The QR, quick read code program launched a year or two ago. I was trying to use the technology to get people closer to the products. At our higher-end market, we tend to get customers that are informed and do care about their food, but sometimes they get misinformation. For example, some people refuse to eat any farmed seafood thinking its all bad. But there are good and bad farms. There is such a thing as a sustainably-farmed fish.
But people did want to know about what they eat, so we tried to bring this information closer to the customer. The QR codes seemed best because most people die without their phone these days. It went well at first, but kind of died out with the codes aren't being used as much as we hoped.
So we decided to use one sourcing link and put all the codes on our Black Restaurant website product page to make it easier, rather than to find every fish label., because the menu is constantly changing, from New York to Maryland rockfish in the summer, and so on.
So this year the codes will focus more on bringing people to the farms. Some show links with videos and our staff at the farm speaking with farmers about his products.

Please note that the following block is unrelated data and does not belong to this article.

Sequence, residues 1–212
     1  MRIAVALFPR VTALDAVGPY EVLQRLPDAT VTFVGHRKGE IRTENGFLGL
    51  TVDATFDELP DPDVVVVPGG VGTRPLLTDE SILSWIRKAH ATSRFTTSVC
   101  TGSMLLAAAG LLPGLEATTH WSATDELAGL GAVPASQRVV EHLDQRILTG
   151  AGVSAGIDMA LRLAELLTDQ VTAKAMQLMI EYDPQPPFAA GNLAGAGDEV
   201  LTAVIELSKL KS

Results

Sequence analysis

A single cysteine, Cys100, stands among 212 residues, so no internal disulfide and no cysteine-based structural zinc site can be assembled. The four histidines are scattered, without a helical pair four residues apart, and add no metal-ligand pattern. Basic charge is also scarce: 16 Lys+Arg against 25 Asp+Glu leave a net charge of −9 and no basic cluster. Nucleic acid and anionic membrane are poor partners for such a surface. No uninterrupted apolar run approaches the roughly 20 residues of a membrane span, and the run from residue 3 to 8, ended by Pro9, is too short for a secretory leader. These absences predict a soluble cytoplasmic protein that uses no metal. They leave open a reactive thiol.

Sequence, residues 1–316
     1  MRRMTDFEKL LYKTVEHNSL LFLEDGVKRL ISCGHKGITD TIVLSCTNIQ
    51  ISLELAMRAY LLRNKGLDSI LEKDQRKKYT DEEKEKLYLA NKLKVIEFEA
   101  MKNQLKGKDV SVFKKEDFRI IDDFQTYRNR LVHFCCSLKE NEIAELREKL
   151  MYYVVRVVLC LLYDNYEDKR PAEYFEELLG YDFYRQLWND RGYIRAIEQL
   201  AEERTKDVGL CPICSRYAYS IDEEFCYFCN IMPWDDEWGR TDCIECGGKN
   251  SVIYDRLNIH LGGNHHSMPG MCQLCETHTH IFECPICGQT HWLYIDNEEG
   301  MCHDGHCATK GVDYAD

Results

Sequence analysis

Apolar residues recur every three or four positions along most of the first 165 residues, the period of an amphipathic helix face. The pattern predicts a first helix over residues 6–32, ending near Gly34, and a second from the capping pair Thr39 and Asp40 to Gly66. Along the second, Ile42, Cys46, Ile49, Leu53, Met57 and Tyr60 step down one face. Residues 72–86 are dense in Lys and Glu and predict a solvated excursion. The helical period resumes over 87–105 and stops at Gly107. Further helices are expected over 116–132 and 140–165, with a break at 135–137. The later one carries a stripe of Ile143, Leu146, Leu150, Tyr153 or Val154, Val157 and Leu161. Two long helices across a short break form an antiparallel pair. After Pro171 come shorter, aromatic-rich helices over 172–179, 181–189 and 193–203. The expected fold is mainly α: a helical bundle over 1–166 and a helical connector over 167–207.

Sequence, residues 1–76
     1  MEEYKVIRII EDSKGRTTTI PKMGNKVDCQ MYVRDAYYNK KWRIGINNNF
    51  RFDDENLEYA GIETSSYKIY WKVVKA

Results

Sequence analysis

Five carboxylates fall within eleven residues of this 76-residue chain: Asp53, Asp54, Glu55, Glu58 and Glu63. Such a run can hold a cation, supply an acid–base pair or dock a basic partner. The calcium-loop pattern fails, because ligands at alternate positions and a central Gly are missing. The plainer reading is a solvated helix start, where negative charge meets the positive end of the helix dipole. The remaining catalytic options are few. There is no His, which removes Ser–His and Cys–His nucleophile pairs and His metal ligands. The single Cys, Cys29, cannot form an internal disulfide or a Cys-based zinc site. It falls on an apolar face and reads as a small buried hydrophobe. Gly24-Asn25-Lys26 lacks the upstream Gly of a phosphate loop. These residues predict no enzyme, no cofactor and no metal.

What else is new?
There are some other initiatives I can't talk about yet. But there is a program exclusively at BlackSalt, where people can call in requests. Like, I want to try Holland turbot fish, a really high priced European flat fish, I never had it before. So the restaurant asks me how long it will take, and I'll say I can have it for you in a week, so the customer can come in, and the chef will prepare this dish you never had before.
Where do you draw the line, if I say I want...
No shark, no whale.
Not even if it's a small, not-endangered minke whale?
I refuse. And no sharks. I think I was bumped by one as a kid, boogie boarding at the Outer Banks in North Carolina where I'm from. Something jostled me off my board and I kind of ran on water back to the shore, thinking that's what happened.
North Carolina, I guess it's possible?
Yes, there are a lot of sharks off the coast of North Carolina! [Laughs]. No sharks, no whale. Don't mess with me, and I won't mess with you.